For once, Wall Street did not dance to the tune of zigzagging oil prices this week.
Instead, tame inflation data, some good earnings results and a slew of big acquisitions helped energise investors and flame hopes of a year-end rally.
After a quiet start, Wall Street roared back to life on Thursday, with the Nasdaq Composite index hitting a four-year high, while the Dow Jones Industrial Average and the S&P 500 both broke through resistance levels at 10,700 and 1,240 respectively.
The run continued on Friday, with the main indices closing higher after making a late surge.
The Dow closed up 46.11 points, or 0.4 per cent, at 10,766.33 while the broader S&P 500 gained 5.47 points, or 0.4 per cent to 1,248.27 - a 4½ year high. The Nasdaq continued its run, advancing 6.61 points, or 0.3 per cent to 2,227.07.
For the week, the Dow advanced 0.8 per cent as the S&P 500 and the Nasdaq put on 1.1 per cent a piece.
Som Dasgupta, head of equity at PNC Financial Services Group, said Thursday’s upswing and Friday’s consolidation of the gains were significant developments and suggested an undervaluation of the market.
“There is more of a chance of the market moving up now than down,” he said. “All signs are pointing to a stable market. Crude prices are lower, core consumer prices are down and merger and acquisition activity picked up sharply. Now we just need to see what type of support the indices can get at the new levels.”
The view was echoed by Christopher Johnson, director of quantitative analysis at Schaeffer’s, who took an equally cautious stance.
“The type of activity that we have seen this week is certainly conducive to a year-end rally but we still need to wait for a confirmation,” he said. “We can’t dismiss the inverted yield curve. Historically, when long-term bond yield falls behind short-term ones, it is a sign of a potential slowdown in the growth of the economy.”
Among the S&P 500 index groups, all but one were in the black, with energy shares, up 3 per cent, leading the charge, followed by materials, up 2.5 per cent and industrials, up 2.4 per cent.
Paper products featured in the week’s main merger and acquisition news, with Koch Industries’ $13.2bn bid for paper product maker Georgia-Pacific lifting the industry sub-index up 14.3 per cent. Georgia-Pacific’s shares surged 36.2 per cent on the week, while other paper and forest product stocks rose on speculation that Koch might be hunting for more acquisitions in the sector.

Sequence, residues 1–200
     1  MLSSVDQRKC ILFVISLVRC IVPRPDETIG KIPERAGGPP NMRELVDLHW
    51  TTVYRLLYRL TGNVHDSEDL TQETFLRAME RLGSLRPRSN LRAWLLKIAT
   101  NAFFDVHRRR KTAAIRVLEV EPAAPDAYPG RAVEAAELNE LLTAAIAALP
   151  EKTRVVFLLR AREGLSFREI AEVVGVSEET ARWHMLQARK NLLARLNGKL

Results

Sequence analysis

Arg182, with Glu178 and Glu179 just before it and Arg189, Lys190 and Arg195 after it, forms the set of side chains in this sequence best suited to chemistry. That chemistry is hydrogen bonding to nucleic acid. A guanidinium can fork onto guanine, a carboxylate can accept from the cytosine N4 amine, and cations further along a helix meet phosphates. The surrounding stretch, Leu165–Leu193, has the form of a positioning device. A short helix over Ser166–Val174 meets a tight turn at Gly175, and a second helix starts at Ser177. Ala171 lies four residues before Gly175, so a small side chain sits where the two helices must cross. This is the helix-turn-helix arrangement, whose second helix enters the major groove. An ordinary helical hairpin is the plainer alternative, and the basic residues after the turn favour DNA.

The Dow also got a lift from Johnson and Johnson’s revised $21.5bn takeover offer for Guidant, the heart device maker.
Guidant rose 5.9 per cent over the five sessions, while J&J ticked up 2.7 per cent as investors rewarded the company for ending the uncertainty that had surrounded the acquisition.
The deal-making continued on Friday, with Cisco Systems’ agreement to acquire cable-television technology company Scientific-Atlanta for approximately $6.9bn, or $43 a share. Cisco lost 2.7 per cent on the week, while Scientific-Atlanta put on 8.4 per cent.
General Electric also caused a stir on Friday after the conglomerate agreed to sell most of its insurance division to Swiss Re in an $8.5bn deal. Its shares extended its weekly gains by 3.2 per cent, buoyed by the company’s decision to raise its quarterly dividend 14 per cent and expanded its share buyback plan.
General Motors and the auto sector remained in focus. After slumping by as much as 22 per cent over seven sessions, the stock’s decline came to a halt on Thursday. However, shares are still off 1.8 per cent from last week
Its fortunes contrasted sharply with that of Google, which jumped above the $400 mark this week.
The stock has risen more than 300 per cent since it went public in August 2004. It rose 2.5 per cent this week.
Meanwhile, retailers failed to provide the spark many were expecting. Although Wal-Mart and Lowes kicked off the week with strong quarterly figures, the retail sector was off 0.1 per cent on the week, dragged down by losses in Target, down 6 per cent for the week.
On the earnings front, computer maker Hewlett-Packard, rose 3.1 per cent on the week, after seeing better-than-expected earnings. Fiscal fourth-quarter sales was up 7 per cent, but net earnings fell 62 per cent because of a one-off $1.1bn restructuring charge.
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